Required forms for the applicant
Optional forms for the applicant
|The forms on this page should only be used in extreme emergencies. An extreme emergency is where there is a serious risk to someone's physical safety, or risk of other harm that cannot be undone.|
A temporary restraining order (TRO) is a short-term emergency order. To request one, you must already have a case on file with the court, such as a divorce or custody case. This is sometimes called the "underlying case."
A TRO should only be used for extreme circumstances. A TRO is only appropriate where there will be irreparable harm unless the court issues an order. Irreparable harm is harm that cannot be undone.
If the court decides to issue an order, it can do so immediately. The court might not tell the other party in the case about the order.
You can use the forms on this page for any kind of civil case. The papers are filed as a part of your underlying case. You can file the papers to start the court case and request the TRO at the same time.
TROs are governed by Utah Rule of Civil Procedure 65A.
Often a TRO is not appropriate. If your case involves divorce or child custody, you might have other options.
If you have…
Some options include…
not started a court case
you believe a child is being harmed
a Utah court order involving divorce or custody
the other party is not following the court order (for example, not paying alimony or allowing you to have parent-time)
filing a Motion to Enforce Domestic Order asking the court to enforce its order.
a child custody order from another state
the other party is not following the court order
A TRO is not the same as a protective order. Some people say "restraining order" when they mean a court order that protects people in domestic violence or civil stalking cases. If you want a court order to protect you from abuse, please see the web pages on child protective orders, civil stalking injunctions, and protective orders.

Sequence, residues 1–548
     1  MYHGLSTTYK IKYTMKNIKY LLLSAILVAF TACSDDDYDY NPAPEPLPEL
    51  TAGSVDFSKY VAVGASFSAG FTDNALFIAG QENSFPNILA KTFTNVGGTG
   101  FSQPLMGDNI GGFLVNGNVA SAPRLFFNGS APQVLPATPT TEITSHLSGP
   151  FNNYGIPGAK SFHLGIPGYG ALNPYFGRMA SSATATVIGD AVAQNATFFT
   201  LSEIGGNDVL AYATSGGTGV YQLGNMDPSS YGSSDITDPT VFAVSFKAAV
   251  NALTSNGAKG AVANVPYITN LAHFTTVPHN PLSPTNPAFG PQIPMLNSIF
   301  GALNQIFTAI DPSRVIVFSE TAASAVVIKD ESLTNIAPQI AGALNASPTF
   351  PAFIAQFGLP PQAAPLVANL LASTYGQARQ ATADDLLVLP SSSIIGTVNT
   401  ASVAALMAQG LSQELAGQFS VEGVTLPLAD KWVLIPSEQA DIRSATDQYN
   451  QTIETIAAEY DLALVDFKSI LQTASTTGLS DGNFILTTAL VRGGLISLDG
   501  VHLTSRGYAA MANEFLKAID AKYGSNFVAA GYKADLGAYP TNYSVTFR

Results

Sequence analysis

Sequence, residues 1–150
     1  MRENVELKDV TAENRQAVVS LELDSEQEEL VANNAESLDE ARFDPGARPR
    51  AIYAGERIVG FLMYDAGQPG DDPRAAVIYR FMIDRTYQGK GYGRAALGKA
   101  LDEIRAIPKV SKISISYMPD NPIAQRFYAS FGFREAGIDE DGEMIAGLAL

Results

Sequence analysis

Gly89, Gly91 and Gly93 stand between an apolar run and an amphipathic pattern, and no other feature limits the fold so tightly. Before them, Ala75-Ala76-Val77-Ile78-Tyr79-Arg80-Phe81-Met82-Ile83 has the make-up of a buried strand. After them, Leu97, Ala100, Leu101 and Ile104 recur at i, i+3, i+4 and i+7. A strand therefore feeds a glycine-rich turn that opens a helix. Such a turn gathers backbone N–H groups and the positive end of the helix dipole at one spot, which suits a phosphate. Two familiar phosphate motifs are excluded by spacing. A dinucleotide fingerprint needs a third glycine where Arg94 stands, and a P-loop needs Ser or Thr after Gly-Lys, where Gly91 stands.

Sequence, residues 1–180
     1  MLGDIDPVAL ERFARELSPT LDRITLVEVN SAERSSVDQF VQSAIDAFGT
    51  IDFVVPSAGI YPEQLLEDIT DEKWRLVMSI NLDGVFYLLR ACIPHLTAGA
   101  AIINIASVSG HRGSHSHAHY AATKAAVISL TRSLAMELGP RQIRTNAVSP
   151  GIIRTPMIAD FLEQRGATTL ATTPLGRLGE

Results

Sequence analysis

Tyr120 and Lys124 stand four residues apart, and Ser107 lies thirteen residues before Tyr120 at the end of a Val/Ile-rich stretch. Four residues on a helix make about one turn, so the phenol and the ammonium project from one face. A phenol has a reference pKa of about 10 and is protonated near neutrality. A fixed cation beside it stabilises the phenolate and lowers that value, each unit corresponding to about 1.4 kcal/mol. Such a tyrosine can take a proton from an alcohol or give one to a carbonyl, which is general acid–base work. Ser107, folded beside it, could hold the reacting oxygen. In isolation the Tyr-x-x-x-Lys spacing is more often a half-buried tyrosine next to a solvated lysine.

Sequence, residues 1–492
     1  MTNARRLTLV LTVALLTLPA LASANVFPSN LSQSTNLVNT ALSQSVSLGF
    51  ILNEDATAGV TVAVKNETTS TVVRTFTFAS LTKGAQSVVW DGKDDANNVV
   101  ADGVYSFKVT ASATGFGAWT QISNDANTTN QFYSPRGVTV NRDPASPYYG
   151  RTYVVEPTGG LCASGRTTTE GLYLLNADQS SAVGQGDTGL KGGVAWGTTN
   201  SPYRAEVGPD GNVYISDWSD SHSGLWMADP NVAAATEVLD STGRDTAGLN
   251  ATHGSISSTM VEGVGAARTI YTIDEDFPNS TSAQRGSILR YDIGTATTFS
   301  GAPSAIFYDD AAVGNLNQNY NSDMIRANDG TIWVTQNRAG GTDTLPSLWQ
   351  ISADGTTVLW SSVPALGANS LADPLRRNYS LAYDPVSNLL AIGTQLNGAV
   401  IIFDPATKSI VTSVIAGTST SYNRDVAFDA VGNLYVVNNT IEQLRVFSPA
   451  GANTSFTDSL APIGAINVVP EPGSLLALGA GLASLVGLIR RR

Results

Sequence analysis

A TRO can be issued immediately. It can order:
If the court issues a TRO that requires a party to immediately return the children to the other party it could issue a Writ of Assistance. A Writ of Assistance to Remove Children is a court order authorizing law enforcement to take physical custody of children. This is only appropriate in extreme emergencies.
The Writ can authorize law enforcement to use force. This can involve breaking down someone's door to enter and using force to physically remove the children.
The judge may require you to deposit money or post a bond with the court. The money or bond is posted to cover costs, attorney fees or damages the other party might have to pay if they can show the TRO should not have been issued.
If you want the court to issue a TRO, you must show:
Fill out all of the forms:
No matter who is asking for the TRO, whoever is the plaintiff or petitioner in the underlying case is still the plaintiff or petitioner, and whoever is the defendant or respondent in the underlying case is still the defendant or respondent.
If you do not notify the other party you must show the court either:
3. File the paperwork in same court where the underlying case is filed.
4. Wait. A judge or commissioner will review the documents the day you file them and decide whether to sign the Order on Application for Temporary Restraining Order and Notice of Hearing. If the judge or commissioner signs the order, it becomes a TRO.
5. Serve the papers and enforce the writ. Have the Order on Application for Temporary Restraining Order and Notice of Hearing (and Writ of Assistance, if applicable) personally served on the other party by a sheriff, constable or private investigator.
If the other party is represented by an attorney, or if the order is about children and the children are represented by a Guardian ad Litem, a copy of the documents must be mailed, hand delivered, or emailed to them.
If the court signed a Writ of Assistance, contact the local police department and make arrangements with them to enforce the writ.
If the other party in your case has requested a TRO against you and you disagree with what it says, you have options. What you do depends on whether the TRO has been issued or not.
You must give the party who obtained the TRO 48 hours' notice that you are requesting the hearing. You must try your best to deliver them a copy of what you are filing. The court will have a hearing and make a ruling as soon as it reasonably can under the circumstances.
The forms you need depend on your case. What is your case about?